The Christian with the gift of faith was to be executed first. He was asked if he wanted to wear a hood over his head. He declined and said he was not afraid to die. "I have faith that God will deliver me!" he shouted bravely. His head was positioned under the guillotine, with his neck on the chopping block. He looked up at the sharp blade, said a short prayer and waited confidently. The rope was pulled, but nothing happened.

His executioners were amazed and, believing that this must have been an act of God, they freed the man.

The Christian with the gift of prophecy was next. His head was positioned under the guillotine blade and he too was asked if he wanted the hood. "No," he said, "I am not afraid to die. However, I predict that God will deliver me from this guillotine!" At that, the rope was pulled and again, nothing happened. Once, again the puzzled executioners assumed this must be a miracle of God, and they freed the man.

The third Christian, with the gift of helps, was next. He was brought to the guillotine and likewise asked if he wanted to wear a hood. "No," he said, "I'm just as brave as those other two guys." The executioners then positioned him face up under the guillotine and were about to pull the rope when the man stopped them. "Hey wait a minute," he said. "I think I just found the problem with your guillotine."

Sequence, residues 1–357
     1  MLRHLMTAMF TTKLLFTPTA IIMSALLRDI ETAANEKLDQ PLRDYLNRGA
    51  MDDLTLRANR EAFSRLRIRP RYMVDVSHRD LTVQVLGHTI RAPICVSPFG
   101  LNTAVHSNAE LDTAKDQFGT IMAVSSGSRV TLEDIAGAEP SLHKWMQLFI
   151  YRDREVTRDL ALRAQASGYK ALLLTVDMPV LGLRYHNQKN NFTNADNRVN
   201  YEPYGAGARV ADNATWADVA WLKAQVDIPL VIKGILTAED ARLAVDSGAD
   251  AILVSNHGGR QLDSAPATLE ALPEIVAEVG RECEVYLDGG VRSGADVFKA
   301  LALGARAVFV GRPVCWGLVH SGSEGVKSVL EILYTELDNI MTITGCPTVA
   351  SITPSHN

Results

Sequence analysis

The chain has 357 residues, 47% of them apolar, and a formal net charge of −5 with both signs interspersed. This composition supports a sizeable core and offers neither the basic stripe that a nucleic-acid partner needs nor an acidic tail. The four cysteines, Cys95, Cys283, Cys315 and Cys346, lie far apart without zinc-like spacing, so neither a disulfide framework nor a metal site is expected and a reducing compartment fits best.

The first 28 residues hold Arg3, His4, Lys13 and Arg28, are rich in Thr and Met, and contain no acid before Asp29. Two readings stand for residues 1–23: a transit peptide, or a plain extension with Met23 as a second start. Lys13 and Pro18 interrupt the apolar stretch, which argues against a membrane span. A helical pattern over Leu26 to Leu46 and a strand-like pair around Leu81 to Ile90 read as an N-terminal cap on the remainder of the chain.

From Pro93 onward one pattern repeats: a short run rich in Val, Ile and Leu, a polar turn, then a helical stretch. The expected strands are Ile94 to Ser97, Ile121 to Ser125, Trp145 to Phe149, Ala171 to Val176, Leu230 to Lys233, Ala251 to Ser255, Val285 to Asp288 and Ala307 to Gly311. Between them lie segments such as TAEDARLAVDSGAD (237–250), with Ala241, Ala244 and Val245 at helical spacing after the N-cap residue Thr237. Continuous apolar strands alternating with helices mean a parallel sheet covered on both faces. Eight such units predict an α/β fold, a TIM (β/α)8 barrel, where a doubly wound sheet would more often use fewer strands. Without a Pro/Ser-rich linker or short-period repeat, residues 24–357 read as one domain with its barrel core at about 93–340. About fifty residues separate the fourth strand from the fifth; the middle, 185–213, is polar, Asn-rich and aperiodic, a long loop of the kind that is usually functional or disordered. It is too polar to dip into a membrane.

Tuesday, December 09, 2008

Feedback on Church Words

What applies to words about the Bible also applies to churchly words. The definitions at are my best attempt to make sense out some of the most important words of the Christian tradition, including words that are better not to use at all, or only when addressing specialists.

I need to hear from you if the Spirithome definitions are right, or most importantly, what they miss. So go ahead. Make my day....

Saturday, December 06, 2008

Words About the Word

A year or so ago I had to think a lot about how to describe Scripture's place in the lives of Christians. I sensed something wrong with much of what I was reading about it.

(1) There was an important discrepancy between what what we say we believe about it and what our thoughts and actions showed we really believed about it.

(2) The vocabulary we used was clearly too narrow, and damaged by abuse and misunderstanding.

I had already put up some definitions on, but they needed to be clearer, more systematic, and the vocabulary needed to be wider-ranging. I have a new appreciation for the limits of using words to describe the Bible, but I'm even more convinced that we need to try.

I'm inviting more comment about this. Read the pages linked through the title of this note. I'm looking for real insight from you-all. Fire away!


Friday, December 05, 2008

Surveys on Religion : More of the Expected

I finally got a chance to read Rodney Stark & his crew's take on the Baylor Religion Surveys, most of which is found in Stark's book "What Americans Really Believe".